I know that we can use training data error to know if the model is underfitting, but it tells us more about the model than the data. How to know if the data is just hard to model? Are there any metrics to assess how hard the data is to model?

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    $\begingroup$ Sort of related: How to know that your machine learning problem is hopeless? $\endgroup$ Oct 1 at 18:40
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    $\begingroup$ Perhaps a stupid question: what is the difference between "the data is too complicated for the model" and "the model is too simple for the data"? $\endgroup$ Oct 1 at 18:43
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    $\begingroup$ I think it's the difference between "the world is too complicated" and "the researcher is not smart enough", but how the statistics can tell us which is which is the main point! $\endgroup$
    – Nick Cox
    Oct 1 at 20:30
  • $\begingroup$ If the correct model is a very complex one, say .... with interactions and splines and such, then the model is too simple. Maybe MARS would work great, but the researcher has never heard of it. OTOH, some data are just really messy. Social science data often is. So is a lot of medical data. We people are complex creatures! $\endgroup$
    – Peter Flom
    Oct 1 at 20:39
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    $\begingroup$ @DanielWagner that isn't the distinction in the question... Two examples when using a linear model: An example of "data is hard to model" would be data from the distribution $y = \beta x + N(0,100)$. The correct model is simple, but it fits the data very poorly. An example of "model is too simplistic" would be $y = \beta x + \alpha x^2 + N(0,1)$. The linear model is too simplistic. $\endgroup$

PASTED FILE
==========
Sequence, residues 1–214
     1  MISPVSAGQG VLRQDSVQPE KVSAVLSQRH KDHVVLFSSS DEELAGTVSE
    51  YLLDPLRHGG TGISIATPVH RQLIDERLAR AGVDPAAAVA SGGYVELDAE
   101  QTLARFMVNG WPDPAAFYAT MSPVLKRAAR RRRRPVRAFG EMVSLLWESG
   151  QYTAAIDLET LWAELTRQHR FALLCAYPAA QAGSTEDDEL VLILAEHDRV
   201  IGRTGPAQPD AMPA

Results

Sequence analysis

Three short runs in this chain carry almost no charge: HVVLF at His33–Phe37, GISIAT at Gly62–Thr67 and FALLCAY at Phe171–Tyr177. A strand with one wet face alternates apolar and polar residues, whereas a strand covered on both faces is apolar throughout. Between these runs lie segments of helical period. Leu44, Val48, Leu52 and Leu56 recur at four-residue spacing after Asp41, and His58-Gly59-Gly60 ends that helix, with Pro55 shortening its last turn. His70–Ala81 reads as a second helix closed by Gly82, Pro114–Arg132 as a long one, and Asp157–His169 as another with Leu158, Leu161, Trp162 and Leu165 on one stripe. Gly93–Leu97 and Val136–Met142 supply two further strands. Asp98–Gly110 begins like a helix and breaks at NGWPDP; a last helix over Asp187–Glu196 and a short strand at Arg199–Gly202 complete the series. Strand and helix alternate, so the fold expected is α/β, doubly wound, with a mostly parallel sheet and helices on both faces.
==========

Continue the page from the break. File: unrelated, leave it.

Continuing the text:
– usul
    Oct 2 at 15:07

3 Answers 3


I don't know of any metrics, exactly, but there are a bunch of indications.

  • Substantive knowledge. What usually happens in your field? Way back when I was in grad school, I was at a lunch for fellowship winners. A psychologist and a physicist were talking and the physicist said "if we get R square of 0.9, we are upset that it's so low" to which the psychologist said "if we get R square that high, we know we did something wrong!"

  • Graphs. Graph your data in all sorts of ways. Do the relationships fall on nice straight lines? Quadratic curves? Or what?

  • Measurement error - How reliable are your measurements? Models work better with precisely measured variables. Latent variables can be particularly hard to measure accurately.

  • Also, how valid are your measurements? Measuring height is pretty straightforward. Measuring (say) strength of a national economy, not so much.

  • Interactions. Interactions are notorious. And the reliability of an interaction between two variables that are not very reliable is even less reliable.

  • Clarity and strength of underlying theory. This is related to the first point, but, how clear is your theory? Are you doing highly exploratory work, or are you confirming a well-known model for a particular population?

I am sure there are more such things, but this is a start.